Using this very simple method, Truta discovered that while the Magic Mouse saw the batteries as devoid of anymore usable energy, the Mighty Mouse would in fact report that the batteries weren’t even close to empty. In fact, his tests show that under the Bluetooth devices menu it would report as much as 41 percent battery remaining in the supposedly dead batteries. That’s not an insignificant margin by any count.

Battery issues aside, I sill love my Magic Mouse. I should qualify that by noting that I use it as the primary means of control for my home theater Mac mini, which means that I use it quite sparingly. I’m still using the same batteries I put in when I got it, which was almost immediately following its release. And my keyboard doesn’t seem to be running down with any unusual speed, either. But again, I almost never use them really, except to set up a movie or TV show or start a playlist in iTunes. I’m still planning on testing out Filip Truta method when the batteries do eventually run down, though. What are your experiences?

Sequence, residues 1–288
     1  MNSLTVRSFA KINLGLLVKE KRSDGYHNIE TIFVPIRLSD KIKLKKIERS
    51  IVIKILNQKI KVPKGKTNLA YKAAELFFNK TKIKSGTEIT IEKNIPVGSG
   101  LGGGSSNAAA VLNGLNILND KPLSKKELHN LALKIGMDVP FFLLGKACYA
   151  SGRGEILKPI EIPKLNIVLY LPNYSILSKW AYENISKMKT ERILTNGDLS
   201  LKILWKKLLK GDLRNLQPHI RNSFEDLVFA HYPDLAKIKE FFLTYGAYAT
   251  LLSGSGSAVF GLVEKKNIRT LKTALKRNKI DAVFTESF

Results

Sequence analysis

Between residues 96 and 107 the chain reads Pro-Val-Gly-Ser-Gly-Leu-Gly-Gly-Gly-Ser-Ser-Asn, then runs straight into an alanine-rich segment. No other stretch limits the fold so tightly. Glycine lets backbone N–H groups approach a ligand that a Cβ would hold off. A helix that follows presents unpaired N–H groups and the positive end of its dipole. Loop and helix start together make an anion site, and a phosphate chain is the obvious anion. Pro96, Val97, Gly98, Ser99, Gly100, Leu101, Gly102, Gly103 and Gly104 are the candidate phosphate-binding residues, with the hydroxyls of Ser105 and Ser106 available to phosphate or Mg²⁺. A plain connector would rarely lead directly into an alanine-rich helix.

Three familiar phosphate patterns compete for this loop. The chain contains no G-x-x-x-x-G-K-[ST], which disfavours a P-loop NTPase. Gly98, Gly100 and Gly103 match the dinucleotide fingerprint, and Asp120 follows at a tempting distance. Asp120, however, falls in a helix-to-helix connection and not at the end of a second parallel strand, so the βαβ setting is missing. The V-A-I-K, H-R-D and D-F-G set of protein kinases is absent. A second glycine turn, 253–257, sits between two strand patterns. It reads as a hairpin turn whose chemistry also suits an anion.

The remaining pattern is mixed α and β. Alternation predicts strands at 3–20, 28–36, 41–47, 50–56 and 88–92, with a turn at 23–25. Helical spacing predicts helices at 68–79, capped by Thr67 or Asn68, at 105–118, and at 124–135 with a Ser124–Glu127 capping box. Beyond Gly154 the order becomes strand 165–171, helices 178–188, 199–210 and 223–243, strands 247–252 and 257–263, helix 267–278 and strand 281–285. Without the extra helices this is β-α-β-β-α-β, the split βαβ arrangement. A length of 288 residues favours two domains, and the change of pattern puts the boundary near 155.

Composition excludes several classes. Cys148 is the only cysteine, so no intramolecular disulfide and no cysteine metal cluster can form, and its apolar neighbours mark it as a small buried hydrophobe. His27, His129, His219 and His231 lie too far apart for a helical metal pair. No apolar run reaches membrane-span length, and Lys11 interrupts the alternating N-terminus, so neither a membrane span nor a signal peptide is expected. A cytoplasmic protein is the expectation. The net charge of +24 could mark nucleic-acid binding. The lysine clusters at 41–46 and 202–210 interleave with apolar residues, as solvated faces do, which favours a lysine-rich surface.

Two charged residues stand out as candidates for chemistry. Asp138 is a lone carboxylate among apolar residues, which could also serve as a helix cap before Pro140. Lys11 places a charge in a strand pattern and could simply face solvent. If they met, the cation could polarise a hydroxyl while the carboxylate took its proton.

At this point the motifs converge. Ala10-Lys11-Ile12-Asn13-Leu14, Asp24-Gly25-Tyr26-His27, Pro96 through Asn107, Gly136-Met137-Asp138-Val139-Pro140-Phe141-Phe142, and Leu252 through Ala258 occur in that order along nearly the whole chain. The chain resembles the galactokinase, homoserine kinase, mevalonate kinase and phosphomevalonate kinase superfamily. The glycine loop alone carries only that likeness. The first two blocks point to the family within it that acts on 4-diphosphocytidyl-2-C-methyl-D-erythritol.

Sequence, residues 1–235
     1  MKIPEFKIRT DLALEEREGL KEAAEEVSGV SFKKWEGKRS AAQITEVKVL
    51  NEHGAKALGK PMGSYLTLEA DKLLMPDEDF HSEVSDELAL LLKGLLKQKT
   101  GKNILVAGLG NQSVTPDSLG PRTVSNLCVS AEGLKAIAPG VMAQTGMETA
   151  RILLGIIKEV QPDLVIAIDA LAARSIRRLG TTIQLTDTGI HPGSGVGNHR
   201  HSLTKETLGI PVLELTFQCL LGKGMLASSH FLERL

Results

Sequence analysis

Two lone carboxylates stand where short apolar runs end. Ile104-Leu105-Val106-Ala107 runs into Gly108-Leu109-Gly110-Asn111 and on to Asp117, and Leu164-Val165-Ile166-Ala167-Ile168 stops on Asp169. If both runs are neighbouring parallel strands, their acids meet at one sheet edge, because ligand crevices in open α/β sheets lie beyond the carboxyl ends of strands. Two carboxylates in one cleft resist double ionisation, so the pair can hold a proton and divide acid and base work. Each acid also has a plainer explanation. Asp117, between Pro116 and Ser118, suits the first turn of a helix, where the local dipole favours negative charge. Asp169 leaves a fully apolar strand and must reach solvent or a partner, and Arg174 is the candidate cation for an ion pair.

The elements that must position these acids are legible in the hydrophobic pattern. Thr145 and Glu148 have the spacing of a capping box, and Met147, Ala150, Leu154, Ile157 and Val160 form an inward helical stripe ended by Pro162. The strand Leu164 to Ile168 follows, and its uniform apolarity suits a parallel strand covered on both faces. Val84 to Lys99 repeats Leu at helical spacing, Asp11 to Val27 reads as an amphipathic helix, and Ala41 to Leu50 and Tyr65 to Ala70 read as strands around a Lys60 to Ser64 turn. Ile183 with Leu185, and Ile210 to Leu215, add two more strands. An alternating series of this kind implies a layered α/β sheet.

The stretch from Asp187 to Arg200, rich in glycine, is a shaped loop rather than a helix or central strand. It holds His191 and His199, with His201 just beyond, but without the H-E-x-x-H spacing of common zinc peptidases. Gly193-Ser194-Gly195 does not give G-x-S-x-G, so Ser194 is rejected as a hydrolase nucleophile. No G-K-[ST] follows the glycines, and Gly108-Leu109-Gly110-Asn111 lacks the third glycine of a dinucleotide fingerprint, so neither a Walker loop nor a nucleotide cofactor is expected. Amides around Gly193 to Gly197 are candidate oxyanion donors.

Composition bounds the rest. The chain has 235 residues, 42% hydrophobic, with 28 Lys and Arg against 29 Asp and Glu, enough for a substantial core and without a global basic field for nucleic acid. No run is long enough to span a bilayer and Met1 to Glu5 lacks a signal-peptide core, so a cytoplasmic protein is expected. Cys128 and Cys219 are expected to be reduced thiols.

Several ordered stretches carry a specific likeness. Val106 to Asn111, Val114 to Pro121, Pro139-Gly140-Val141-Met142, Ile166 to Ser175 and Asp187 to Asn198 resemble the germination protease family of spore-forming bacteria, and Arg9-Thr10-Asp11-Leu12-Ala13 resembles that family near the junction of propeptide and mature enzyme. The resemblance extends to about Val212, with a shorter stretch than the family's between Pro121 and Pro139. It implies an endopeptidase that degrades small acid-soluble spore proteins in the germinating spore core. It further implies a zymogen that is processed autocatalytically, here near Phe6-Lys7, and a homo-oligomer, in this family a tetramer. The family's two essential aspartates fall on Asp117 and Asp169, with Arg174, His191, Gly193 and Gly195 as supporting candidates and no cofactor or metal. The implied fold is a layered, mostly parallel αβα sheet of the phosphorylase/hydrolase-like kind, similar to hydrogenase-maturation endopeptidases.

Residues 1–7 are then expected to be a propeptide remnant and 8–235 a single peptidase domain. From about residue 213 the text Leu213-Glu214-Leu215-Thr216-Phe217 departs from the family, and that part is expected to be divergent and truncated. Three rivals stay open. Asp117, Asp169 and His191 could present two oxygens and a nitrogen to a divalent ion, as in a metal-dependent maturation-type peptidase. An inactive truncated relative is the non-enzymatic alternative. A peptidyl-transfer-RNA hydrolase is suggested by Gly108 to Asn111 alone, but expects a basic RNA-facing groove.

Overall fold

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  1. After 1.5 months with the 27″ iMac,

    Magic Mouse: 35%
    Keyboard: 92%

  2. My first set of batteries lasted over a month with daily use, and never turning off the mouse.

    Now I’m using the same rechargeable batteries that I used in my previous Logitech mouse. I did notice that they were a bit heavier than those included with Magic Mouse, but I’m used to it now. In a bit over 2 weeks they’ve decreased 30%. Not bad again for daily use and never turning the mouse off.

    Since I have 8 rechargeable batteries, I have no problem in switching them out every other month. All in all, I love the Might Mouse. Though, I do wish it had the zoom gesture.

  3. Leo’s hairpiece Monday, January 11, 2010

    Another Apple mouse that isn’t cutting it with the most basic of expectations? Say it isn’t so.

  4. Leo’s hairpiece Monday, January 11, 2010

    Rick, do you think it’s a matter of all the features being a drain… or is it power consumption overall? Just when I thought there would be a saving grace after the mighty mouse it still seems like my Logitech G7 is the ugly but ergonomic workhorse.